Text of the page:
In its string quartet guise, however, its place was originally less prominent. In time for the première, but not without initial difficulty, Barber quickly composed the original third movement, a Rondo in a moderate tempo. But he remained dissatisfied and ultimately scrapped it. Casting round for a satisfactory form, Barber experimented for a number of years until he extracted just a three-minute portion of the first movement’s conclusion for the new finale and modified the first movement accordingly. The Quartet thus became a two-movement work with the Adagio forming the centre of an asymmetrical ternary form. Even in this guise, the usual critical plaint that it unbalances the whole work’s structure is wrong: its length of about nine minutes is counterweighed by at least an equivalent length of the combined Allegro movements. The fact is, the unbalancing feature is its transcendent musical effect, but we should not dismiss the remainder of the quartet, any more than we should dismiss the remaining ‘Enigma’ Variations: the original framework provides a more than satisfactory context.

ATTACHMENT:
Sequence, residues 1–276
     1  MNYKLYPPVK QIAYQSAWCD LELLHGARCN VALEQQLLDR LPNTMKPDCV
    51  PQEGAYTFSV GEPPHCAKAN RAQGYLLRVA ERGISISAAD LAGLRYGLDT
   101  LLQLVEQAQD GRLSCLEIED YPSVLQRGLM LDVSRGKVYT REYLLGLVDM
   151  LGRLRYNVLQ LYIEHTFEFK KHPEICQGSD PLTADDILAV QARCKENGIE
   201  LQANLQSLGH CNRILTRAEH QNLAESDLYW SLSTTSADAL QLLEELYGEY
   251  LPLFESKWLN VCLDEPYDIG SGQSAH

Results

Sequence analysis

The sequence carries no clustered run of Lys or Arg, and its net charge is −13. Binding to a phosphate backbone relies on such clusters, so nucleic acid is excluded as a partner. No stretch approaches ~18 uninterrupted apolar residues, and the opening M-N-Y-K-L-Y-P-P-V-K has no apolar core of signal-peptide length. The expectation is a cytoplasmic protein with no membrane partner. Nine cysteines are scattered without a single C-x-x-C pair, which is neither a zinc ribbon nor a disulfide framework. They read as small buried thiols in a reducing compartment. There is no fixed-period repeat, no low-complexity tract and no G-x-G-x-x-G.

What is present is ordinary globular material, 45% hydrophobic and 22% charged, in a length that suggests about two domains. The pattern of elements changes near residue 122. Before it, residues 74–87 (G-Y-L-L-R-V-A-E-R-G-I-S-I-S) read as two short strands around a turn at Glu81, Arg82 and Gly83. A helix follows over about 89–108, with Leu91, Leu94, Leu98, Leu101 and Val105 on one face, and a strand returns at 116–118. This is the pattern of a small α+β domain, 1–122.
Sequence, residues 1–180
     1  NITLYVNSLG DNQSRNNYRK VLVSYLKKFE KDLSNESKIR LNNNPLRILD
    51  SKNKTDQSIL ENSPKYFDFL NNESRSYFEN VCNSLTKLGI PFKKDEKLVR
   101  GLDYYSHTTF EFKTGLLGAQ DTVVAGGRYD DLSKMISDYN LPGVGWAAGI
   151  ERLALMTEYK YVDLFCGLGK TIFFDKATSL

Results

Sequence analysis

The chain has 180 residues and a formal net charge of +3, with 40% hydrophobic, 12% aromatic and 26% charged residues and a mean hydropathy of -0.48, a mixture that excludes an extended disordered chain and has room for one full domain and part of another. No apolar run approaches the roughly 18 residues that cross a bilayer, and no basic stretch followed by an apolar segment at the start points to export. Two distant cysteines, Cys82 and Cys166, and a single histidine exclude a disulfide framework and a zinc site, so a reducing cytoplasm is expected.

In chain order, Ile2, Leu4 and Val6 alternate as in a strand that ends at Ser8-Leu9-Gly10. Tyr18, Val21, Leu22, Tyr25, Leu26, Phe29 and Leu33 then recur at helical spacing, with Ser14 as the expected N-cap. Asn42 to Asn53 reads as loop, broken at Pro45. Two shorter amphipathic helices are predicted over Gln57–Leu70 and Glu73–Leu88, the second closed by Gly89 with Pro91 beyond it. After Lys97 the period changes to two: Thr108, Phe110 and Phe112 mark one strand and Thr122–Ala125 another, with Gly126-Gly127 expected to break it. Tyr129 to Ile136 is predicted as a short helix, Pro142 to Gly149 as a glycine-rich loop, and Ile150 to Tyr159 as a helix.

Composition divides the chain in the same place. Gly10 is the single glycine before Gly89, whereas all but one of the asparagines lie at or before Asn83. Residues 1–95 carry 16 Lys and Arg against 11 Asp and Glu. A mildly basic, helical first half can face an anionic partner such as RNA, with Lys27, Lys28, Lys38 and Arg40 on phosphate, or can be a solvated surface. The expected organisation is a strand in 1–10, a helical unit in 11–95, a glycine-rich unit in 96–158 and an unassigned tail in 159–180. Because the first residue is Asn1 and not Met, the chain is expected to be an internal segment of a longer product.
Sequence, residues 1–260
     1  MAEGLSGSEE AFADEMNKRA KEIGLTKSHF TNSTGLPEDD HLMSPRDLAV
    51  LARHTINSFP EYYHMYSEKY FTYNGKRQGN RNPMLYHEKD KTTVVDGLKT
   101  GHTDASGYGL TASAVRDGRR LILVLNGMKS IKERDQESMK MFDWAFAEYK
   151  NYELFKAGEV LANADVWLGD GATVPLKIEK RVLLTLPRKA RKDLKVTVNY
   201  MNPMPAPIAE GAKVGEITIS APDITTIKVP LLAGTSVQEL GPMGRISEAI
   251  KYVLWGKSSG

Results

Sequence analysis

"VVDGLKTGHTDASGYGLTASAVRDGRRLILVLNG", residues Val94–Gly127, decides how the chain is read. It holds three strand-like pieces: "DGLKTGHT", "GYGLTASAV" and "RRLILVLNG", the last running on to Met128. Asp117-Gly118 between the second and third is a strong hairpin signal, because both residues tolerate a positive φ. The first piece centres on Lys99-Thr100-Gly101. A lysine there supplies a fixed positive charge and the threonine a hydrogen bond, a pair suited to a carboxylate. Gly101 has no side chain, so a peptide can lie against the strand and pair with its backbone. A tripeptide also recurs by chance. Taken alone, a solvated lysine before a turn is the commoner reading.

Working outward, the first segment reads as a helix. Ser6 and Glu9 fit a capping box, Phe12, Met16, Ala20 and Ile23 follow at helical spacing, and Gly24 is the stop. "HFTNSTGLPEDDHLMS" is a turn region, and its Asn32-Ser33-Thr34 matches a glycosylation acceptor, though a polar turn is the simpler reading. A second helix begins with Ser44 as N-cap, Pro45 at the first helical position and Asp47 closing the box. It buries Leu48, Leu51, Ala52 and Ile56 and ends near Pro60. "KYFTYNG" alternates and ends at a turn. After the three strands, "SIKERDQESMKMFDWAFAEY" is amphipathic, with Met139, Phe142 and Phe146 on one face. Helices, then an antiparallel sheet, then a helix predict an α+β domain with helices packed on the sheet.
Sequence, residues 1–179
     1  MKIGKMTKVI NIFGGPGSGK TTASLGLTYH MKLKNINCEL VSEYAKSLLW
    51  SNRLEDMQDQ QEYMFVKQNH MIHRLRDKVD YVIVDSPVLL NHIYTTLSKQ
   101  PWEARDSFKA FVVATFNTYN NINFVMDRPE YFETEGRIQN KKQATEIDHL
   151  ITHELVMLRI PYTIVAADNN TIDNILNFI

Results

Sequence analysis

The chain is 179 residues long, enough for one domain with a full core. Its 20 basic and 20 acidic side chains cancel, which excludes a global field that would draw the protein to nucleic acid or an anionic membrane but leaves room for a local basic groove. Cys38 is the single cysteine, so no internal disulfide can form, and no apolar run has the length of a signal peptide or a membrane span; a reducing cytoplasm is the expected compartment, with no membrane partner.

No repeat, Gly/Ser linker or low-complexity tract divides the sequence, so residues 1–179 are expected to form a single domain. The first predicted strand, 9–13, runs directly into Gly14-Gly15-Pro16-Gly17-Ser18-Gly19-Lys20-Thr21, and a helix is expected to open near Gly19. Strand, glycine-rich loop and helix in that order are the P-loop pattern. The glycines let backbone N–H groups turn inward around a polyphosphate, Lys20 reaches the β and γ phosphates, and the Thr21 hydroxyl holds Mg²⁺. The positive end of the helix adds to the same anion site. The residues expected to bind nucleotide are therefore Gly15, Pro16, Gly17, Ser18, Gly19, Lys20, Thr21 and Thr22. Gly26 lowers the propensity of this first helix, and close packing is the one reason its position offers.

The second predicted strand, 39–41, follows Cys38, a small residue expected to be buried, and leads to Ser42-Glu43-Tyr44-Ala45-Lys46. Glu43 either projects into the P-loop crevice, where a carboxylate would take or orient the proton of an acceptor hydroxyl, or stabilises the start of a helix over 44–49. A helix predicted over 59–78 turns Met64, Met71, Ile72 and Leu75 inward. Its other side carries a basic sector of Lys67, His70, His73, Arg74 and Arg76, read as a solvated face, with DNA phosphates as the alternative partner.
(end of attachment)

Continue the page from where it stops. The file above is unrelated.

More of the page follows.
The first movement is, however, surprisingly conservative for a 26 years old composer writing in the country that produced the second Viennese school decades before. Barber’s innate propensity for melody and song (vocal music constituted over two thirds of his output) led here to a tonal and accessible language that would not be out of place in the early Beethoven quartets, cast in a loose sonata form and containing muscular energy contrasting with slower interludes that presage the famous middle movement (including at least one faint but actual musical ‘pre-quote’).
Eleanor Alberga: The Glimpse for Baritone and String Quartet (2016) Text by George Herbert (1593-1633)